« VorigeDoorgaan »
REMARKS ON JUSTIFICATION AND SOME OF ITS
MOST IMPORTANT PRIVILEGES.
A SERMON ,
THE CONGREGATIONAL MEETING-HOUSE,
By R. SHUFFLEBOTTOM.
PRINTED FOR W. BAYNES AND SON, PATERNOSTER ROW.
Rom. V. 1, 2. THEREFORE BEING JUSTIFIED BY
FAITH, WE HAVE PEACE WITH GOD THROUGH OUR LORD JESUS CHRIST : BY WHOM ALSO WE HAVE ACCESS BY FAITH INTO THIS GRACE WHEREIN WE STAND, AND REJOICE IN HOPE OF THE GLORY OF GOD.
The Epistle to the Romans contains a complete System of Divinity, and is, therefore, fitted to make the Christian perfect in every good word and work. It reveals the gospel and its various excellences, the state of Jews and Gentiles in relation to it, and the manner in which it is applied ; its manifold privileges and blessings, and its genuinc fruits in a life of universal holiness. After our Apostle had clearly and fully stated the way of justification before God, and given examples of it in Abraham and David, in the text he begins to point out the privileges of the justified : Therefore being justified by faith, we have peace with God, through our Lord Jesus Christ : by whom also we have access by faith into this grace wherein we stand, and rejoice in hope of the glory of God.
To engage your attention, and promote your benefit by the important truth of our text, I shall,
I. Make a few remarks on justification : and,
II. Notice the privileges of the justified, as expressed in the text.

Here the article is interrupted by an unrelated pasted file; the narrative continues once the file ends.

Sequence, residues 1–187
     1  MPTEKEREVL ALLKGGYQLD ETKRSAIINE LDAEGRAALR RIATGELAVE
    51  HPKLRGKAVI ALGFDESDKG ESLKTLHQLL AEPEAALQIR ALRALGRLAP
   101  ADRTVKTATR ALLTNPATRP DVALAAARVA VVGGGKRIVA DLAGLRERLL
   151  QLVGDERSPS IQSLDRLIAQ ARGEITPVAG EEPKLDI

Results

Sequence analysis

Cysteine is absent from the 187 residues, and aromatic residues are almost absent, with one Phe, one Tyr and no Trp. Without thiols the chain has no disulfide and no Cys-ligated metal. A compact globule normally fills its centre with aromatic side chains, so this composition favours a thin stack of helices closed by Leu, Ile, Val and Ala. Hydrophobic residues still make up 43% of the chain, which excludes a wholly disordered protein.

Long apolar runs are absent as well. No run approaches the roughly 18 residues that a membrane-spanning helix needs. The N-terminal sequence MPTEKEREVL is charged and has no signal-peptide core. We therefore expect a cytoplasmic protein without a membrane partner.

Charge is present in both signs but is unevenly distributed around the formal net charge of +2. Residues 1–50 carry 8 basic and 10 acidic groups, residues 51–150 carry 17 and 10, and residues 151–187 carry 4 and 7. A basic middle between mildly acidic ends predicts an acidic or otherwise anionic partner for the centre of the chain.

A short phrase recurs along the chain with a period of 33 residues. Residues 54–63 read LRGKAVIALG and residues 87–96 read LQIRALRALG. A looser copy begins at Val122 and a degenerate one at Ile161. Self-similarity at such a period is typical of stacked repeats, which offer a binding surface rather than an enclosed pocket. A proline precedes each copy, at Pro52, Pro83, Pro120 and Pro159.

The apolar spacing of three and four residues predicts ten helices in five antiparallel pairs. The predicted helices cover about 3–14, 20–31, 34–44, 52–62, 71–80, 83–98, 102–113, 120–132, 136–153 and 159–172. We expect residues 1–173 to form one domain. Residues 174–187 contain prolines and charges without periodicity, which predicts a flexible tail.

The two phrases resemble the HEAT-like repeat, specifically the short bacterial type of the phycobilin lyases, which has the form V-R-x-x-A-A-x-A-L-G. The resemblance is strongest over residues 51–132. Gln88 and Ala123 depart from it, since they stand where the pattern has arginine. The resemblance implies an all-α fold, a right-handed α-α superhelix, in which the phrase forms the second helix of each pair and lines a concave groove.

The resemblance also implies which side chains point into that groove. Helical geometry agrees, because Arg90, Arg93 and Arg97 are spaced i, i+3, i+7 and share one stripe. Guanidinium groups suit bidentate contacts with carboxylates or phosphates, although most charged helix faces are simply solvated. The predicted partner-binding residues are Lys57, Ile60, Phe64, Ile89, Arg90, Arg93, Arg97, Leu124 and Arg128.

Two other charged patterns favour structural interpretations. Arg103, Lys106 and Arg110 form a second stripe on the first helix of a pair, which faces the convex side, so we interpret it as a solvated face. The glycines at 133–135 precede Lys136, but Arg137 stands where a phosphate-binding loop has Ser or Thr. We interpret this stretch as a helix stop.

1. To justify, is to declare any one just or righteous. It is not to impart righteousness, to sanctify, but to put the righteousness of another to our account. Dr. Owen remarks, that this word, whether expressing the act of God towards men, or of men towards God, or men among themselves, is always used in a forensic sense, and never denotes a physical operation or transfusion; that it always refers to a sentence pronounced, and never to a work on the mind. Thus in 2 Sam. xv. 4. And Absalom said, Oh that I were made judge in the land, that every one which hath any suit or cause might come unto me, and I would do him justice, ( justify him, judge in his cause.) So in Deut. xxv. 1. If there be a controversy between men, and they come unto judgment, that the judges may judge them, then they shall justify the righteous and condemn the wicked. That this is the use of the term justify, he proves from the use of the Hebrew and Greek term in the Scriptures, and from the circumstances attending justification as noticed in the Scriptures. In relation to it, we find a judgment, a judge, a tribunal, a guilty person, a charge, a plea to which alone the sinner flies, an Advocate, and a sentence of absolution. From justification being opposed to condemnation, and from vllier equivalent terms as imputing righteousness without works, the blessedness we have by the pardon of sin, to be justified by his blood, is the same as being reconciled by his death ; Rom. v. 9, 10. Much more being now justified by his blood, we shall be saved from wrath through him : for if, when we were enemies, we were reconciled to God by the death of his Son, 2 Cor. v. 20, 21. Now then we are ambassadors for Christ, as though God did beseech you by us, we pray you in Christ's stead be ye reconciled unto God ; for he hath made him to be sin for us, who knew no sin, that we might be made the righteousness of God in him. Reconciliation is not the infusion of a habit of grace, but the effecting of peace and love, by the